Bill Hoover focuses career on making a difference
- By Tania Anderson
- Dec 14, 2009
Everyone has a story about how they picked their career. For Bill Hoover, it was a tragedy that launched 30 years of government contracting. Hoover was working as a product engineer for the Ford Motor Co. when he received the news that no parent wants to hear. His oldest daughter was diagnosed with a fatal solid mass tumor. She died nine months later.
Hoover and his wife decided that their daughter would be buried in Annapolis close to the U.S. Naval Academy, where Hoover got his early training for a seven-year Navy career. Knowing that he wanted to be close to his daughter’s burial spot, Hoover started talking to friends in the government contracting business about what kind of job he could get in the Washington region. He eventually landed at Advanced Technology as a program engineer in 1980.
Since then, Hoover, who was named executive of the year for companies with revenue between $75 million and $300 million, has found himself in various management and executive positions for private and public companies. His current venture is leading American Systems, a government contractor in Chantilly, Va., that provides systems engineering, technical and managed services to federal agencies.
Brought in to lead the 1,300-employee company in June 2005, Hoover said he was first tasked with making sure the business stayed an employee-owned company rather than getting bought out by a bigger player like so many other midsize government contractors.
He also has spent the past four years investing the company’s profits toward its infrastructure, including implementing an enterprisewide information technology system that included not only finance and accounting but also business development and human resources. Funds were also invested in marketing and communications.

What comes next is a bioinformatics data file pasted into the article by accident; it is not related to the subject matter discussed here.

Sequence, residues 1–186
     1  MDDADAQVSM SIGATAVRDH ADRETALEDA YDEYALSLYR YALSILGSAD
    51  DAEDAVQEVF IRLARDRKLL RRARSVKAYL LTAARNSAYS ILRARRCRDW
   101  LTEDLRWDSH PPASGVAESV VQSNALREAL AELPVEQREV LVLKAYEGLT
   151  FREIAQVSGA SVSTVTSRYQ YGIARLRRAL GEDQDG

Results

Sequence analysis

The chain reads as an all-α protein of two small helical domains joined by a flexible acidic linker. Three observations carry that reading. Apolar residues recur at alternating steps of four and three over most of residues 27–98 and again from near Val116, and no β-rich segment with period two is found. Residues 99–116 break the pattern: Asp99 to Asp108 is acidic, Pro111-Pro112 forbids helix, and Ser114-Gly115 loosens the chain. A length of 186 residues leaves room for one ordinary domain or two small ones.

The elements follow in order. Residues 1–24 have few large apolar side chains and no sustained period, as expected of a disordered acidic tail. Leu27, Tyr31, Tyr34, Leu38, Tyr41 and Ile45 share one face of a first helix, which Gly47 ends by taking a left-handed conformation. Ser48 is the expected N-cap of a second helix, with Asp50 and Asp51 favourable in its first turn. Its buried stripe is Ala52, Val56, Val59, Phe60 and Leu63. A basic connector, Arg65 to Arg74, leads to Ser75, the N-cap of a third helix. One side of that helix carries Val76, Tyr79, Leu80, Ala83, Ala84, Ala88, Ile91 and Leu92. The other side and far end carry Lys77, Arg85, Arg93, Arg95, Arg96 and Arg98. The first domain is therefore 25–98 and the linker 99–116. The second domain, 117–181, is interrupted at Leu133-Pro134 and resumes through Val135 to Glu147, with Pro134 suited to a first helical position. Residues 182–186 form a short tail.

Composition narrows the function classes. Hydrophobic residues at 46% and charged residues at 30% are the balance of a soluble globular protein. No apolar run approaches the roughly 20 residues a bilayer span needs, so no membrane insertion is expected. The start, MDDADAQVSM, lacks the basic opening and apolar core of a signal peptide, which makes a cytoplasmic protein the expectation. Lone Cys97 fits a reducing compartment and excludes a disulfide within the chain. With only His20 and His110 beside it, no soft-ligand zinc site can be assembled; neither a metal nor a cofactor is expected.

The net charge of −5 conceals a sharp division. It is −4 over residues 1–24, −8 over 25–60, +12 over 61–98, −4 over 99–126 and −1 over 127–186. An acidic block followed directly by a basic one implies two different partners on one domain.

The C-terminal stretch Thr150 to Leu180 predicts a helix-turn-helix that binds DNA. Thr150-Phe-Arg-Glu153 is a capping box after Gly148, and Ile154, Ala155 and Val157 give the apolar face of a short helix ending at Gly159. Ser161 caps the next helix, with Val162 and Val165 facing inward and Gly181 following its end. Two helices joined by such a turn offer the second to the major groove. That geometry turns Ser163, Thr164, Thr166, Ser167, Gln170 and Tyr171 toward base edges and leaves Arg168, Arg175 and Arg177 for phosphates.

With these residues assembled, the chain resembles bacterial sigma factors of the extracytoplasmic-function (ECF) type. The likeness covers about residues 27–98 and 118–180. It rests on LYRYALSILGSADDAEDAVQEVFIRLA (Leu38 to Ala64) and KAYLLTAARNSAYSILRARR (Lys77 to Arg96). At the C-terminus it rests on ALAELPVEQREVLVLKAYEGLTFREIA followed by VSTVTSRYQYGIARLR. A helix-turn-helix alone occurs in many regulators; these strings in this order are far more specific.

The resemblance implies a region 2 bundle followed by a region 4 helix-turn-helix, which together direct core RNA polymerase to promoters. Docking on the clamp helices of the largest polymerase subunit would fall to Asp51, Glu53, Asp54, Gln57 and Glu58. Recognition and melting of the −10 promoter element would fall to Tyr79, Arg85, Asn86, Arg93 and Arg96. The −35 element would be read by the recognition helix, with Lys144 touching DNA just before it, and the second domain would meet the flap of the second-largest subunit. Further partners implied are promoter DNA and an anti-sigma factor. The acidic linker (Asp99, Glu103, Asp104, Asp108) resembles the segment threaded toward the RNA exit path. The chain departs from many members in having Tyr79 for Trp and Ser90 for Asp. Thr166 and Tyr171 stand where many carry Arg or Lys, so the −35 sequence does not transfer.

“I remember somebody telling me it’s not bragging if you can do it,” Hoover said. “We needed to make sure people knew who we were.”
Much of his management style is focused on building strong teams in the company. Being a twin, Hoover always felt a connection to another person and even jokes that he never knew a first-person singular pronoun ever existed growing up. He puts a lot of value on teams, adding that the best ones are those where there’s not only a lot of brains but also a lot of trust.
“What makes for an effective team is when each member knows or has confidence in the other team members,” he said.
It’s no surprise that Hoover has spent most of his career working to support national interests. As a kid, he pored over books on military history. And he also remembers his father regretting never being able to serve in the military after the bombing of Pearl Harbor in 1941. So at 17, Hoover joined the Navy with the intention of becoming an officer. With the exception of his short stint at Ford, Hoover said he’s always worked on national issues.
“I have always been a strong proponent of the nation and what the nation tries to achieve,” he said. “Part of our vision really is we want to be involved in programs that make a difference.”
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Tania Anderson is a contributing writer to Washington Technology.